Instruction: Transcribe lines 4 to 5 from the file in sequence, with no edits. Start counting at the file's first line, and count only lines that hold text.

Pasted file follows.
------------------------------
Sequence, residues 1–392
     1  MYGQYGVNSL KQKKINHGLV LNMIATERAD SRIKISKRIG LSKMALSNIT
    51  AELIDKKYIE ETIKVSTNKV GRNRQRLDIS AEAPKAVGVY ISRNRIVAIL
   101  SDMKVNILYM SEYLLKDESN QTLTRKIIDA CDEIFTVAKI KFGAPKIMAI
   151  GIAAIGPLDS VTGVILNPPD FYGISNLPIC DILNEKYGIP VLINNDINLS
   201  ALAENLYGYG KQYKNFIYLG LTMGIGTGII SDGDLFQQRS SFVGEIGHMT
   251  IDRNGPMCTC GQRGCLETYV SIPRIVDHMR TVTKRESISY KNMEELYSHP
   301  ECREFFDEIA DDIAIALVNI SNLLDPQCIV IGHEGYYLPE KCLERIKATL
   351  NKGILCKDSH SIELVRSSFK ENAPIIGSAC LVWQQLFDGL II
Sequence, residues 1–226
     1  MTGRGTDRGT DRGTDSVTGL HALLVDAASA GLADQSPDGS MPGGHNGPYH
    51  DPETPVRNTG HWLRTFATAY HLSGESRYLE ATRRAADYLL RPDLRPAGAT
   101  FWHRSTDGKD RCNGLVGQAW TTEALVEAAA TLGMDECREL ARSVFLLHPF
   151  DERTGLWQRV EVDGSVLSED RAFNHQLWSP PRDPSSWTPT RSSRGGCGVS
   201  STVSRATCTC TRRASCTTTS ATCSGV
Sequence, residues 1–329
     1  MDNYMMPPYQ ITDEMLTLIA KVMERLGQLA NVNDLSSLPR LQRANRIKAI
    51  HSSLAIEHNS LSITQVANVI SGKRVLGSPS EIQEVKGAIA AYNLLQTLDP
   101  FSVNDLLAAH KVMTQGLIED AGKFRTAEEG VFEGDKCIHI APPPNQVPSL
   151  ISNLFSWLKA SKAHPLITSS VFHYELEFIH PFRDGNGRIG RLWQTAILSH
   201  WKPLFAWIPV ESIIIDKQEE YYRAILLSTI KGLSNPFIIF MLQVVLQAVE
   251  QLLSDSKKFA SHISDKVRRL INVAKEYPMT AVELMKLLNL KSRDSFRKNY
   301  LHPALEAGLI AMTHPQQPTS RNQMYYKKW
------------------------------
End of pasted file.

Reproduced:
   101  SDMKVNILYM SEYLLKDESN QTLTRKIIDA CDEIFTVAKI KFGAPKIMAI
   151  GIAAIGPLDS VTGVILNPPD FYGISNLPIC DILNEKYGIP VLINNDINLS